His name was Harrison but he went by Huck. I’d never known anyone named Huck, save for Huckleberry Finn. I made a quip to that effect the night I met him at a party in a cramped apartment downtown, and he gave a halfhearted smile. He had heard it before; I should have known. Anyway, whoever was renting the apartment had bad music cranked up too loud and I could barely hear him over the din. We raised a few beers to one another and I was pretty drunk and the next morning he took me out for a bagel and coffee. We went for a walk in the park and I didn’t know what to say, but I liked the way he shuffled his feet as we walked along. I was wearing one of his button-up shirts over jeans. He looked away, shy, when he told me that I looked beautiful. I think I blushed from my cheeks all the way down to my toes.

it became our little ritual: coffee and bagels and a walk in the park on Sunday mornings. After that first day, there was never any shortage of things to say and I put my shirts in the closet beside his. When my mother met him, she said, like Huckleberry Finn? and he laughed like it was the cleverest joke he’d ever heard. I squeezed his hand tight. He was the greatest man I ever loved.

Falling out of love at a coffee shop.

He was drinking coffee and she was tearing a napkin into little tiny pieces. Neither spoke. I had a good sense, though, of the words they wanted to say but couldn’t. She thought he didn’t pay her enough attention. He couldn’t handle her constant mood swings, the way she would be happy and laughing when he came home and sobbing by dinnertime. She wondered if there was someone else. He swore there wasn’t. But the thought had crossed his mind. She didn’t know how he could even think of that. Don’t you love me? she wondered. He did, he would say, but sometimes love fades into something different from passion and desire and playing hooky to stay in bed all day. She didn’t clear the bits of napkin off of the table, but she got up without a word and left and I saw a single teardrop fall down her lovely cheek. He kept sipping his coffee and behind his glasses, his eyes didn’t betray any emotion at all.

I remember the night I realized he was all wrong for me so well. We had been together—or something like it—for a few months, and I was smitten. He treated my like shit, you know. We saw each other when he wanted to see me. He ate all of my food and he borrowed my car without permission and when I let him sleep in at my place after I had to leave for class, he would use my computer to watch porn, and leave the tissues on the bed. But still, I thought he was the greatest.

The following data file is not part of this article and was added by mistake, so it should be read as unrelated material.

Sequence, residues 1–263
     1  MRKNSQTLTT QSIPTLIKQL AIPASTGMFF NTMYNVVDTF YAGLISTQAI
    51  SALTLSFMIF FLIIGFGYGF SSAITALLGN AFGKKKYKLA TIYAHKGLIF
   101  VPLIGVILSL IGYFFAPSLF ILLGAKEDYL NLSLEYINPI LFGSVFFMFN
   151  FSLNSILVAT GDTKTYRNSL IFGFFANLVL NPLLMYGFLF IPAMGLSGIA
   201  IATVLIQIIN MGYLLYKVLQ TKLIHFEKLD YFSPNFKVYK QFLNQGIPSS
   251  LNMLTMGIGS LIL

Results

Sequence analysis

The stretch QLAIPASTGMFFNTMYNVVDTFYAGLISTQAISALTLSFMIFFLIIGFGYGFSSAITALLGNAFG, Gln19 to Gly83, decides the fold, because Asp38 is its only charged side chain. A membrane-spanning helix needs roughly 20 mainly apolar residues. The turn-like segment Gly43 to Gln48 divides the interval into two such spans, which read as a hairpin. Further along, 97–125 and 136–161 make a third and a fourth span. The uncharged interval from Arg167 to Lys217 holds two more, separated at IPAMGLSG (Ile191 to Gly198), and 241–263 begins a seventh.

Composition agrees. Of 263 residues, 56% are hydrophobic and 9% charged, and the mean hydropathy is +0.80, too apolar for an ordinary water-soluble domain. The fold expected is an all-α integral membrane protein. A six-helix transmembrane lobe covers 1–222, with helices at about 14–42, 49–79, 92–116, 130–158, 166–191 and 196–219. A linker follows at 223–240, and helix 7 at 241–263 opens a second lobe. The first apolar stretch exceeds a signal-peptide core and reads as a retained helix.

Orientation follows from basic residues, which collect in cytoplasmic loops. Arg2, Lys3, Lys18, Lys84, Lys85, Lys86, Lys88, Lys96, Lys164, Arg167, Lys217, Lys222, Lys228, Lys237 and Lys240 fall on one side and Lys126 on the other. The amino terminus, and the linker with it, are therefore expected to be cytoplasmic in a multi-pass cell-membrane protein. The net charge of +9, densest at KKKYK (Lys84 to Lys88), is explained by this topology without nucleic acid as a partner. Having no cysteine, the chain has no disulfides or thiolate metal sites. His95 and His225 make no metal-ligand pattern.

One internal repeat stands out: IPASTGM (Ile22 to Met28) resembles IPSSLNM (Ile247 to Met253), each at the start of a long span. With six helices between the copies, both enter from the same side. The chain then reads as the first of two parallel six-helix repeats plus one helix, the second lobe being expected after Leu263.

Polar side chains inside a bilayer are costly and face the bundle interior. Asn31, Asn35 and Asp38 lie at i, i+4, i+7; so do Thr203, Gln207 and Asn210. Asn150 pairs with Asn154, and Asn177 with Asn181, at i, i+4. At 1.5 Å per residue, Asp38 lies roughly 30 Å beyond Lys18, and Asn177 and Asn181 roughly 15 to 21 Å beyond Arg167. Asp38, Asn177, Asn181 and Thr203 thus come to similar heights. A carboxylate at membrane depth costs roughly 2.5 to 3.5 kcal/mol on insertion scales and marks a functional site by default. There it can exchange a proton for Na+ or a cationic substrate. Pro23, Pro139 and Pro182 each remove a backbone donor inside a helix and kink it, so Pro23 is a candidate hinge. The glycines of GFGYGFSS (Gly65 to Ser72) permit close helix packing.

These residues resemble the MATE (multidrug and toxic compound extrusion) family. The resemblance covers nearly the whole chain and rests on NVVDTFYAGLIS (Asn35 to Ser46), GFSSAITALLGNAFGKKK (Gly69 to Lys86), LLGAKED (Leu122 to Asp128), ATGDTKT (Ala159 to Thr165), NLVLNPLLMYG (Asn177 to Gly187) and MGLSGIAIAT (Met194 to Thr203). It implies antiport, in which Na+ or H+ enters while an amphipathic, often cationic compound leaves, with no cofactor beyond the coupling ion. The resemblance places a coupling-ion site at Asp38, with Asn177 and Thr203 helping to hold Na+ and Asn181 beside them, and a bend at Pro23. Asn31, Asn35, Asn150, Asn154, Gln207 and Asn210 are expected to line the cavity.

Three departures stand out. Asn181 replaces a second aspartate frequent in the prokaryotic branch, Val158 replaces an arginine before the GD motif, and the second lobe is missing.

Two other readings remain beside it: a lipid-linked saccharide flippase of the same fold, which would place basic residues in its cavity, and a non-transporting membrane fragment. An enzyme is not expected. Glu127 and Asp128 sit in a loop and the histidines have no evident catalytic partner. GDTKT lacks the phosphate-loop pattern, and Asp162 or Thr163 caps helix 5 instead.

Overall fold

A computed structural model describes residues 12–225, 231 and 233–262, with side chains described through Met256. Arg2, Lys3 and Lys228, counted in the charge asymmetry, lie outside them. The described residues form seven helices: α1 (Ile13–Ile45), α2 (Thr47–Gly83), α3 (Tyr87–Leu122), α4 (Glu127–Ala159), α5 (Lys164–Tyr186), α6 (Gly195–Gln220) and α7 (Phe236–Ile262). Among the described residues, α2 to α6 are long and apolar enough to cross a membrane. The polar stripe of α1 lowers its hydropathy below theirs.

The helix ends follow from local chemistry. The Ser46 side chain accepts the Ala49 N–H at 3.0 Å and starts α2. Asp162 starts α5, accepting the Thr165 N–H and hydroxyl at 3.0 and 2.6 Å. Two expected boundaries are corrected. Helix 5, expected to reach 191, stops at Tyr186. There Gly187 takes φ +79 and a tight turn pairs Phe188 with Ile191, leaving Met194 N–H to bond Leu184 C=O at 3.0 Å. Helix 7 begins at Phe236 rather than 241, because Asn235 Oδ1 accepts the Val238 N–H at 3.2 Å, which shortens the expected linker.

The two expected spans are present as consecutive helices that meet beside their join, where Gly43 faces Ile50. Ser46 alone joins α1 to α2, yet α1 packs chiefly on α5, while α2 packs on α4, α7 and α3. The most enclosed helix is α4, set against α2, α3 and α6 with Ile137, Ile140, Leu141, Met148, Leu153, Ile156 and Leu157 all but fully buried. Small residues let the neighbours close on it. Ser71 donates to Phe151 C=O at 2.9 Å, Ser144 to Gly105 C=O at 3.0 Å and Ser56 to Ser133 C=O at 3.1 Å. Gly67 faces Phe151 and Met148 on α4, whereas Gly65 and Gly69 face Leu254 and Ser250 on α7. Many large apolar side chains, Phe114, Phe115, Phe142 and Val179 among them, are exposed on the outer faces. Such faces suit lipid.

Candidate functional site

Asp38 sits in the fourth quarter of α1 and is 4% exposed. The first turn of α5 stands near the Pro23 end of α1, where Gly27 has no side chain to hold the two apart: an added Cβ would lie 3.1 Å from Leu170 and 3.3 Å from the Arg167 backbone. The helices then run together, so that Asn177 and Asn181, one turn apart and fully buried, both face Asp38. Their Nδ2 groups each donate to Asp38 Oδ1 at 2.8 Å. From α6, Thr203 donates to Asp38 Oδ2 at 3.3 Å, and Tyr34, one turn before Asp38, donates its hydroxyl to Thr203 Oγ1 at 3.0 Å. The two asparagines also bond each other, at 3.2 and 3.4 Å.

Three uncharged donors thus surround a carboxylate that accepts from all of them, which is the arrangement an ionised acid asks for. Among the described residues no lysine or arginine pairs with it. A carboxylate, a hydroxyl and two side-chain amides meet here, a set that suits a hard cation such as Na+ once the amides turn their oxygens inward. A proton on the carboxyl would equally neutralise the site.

That night, he was going out with his boy—I should have known, probably, that a guy who calls his friends “his boys” wasn’t really my type. His friend needed to get laid, and I shouldn’t come out with them. This meant that he wanted to pick someone up, too. We had just slept together. He drove me home and when he kissed me goodbye, I started to hyperventilate. How could he kiss me and then go to some smoky bar and flirt with some horrid girl, probably spilling out of a too-tight tank top, something I would never wear. He would take her back to his place, to the bed where we had slept together most nights over the last few months. He would tell her she was beautiful. She would be drunk off two Jager bombs. He would reach his hand up her skirt and she wouldn’t stop him. He wouldn’t think of me at all. I couldn’t breathe and I was crying hysterically and he said, alright, I’ve got to go. I asked, how can you leave me like this? and I felt like I would never be okay. He shrugged his shoulders and inched toward the door. I told him, I don’t want to be alone right now. I wondered if he would know what I meant. I didn’t want to be alone then. He called my best friend. She didn’t pick up. Can you come to Anna’s place? he said to her voicemail. She’s not feeling so well. He sounded annoyed. I lay down on the couch and put my hands over my face and he shut the door and left and I don’t know how I made it through that night.

I don’t know why I still remember him now, why I can’t shake that awful night from my memory. I’m in love with a good, sweet, kindhearted man who is my world. I couldn’t care less for that cruel boy who certainly never gave a damn about me. But that night feels like a fresh wound, barely healed. It reminds me that I might never be enough.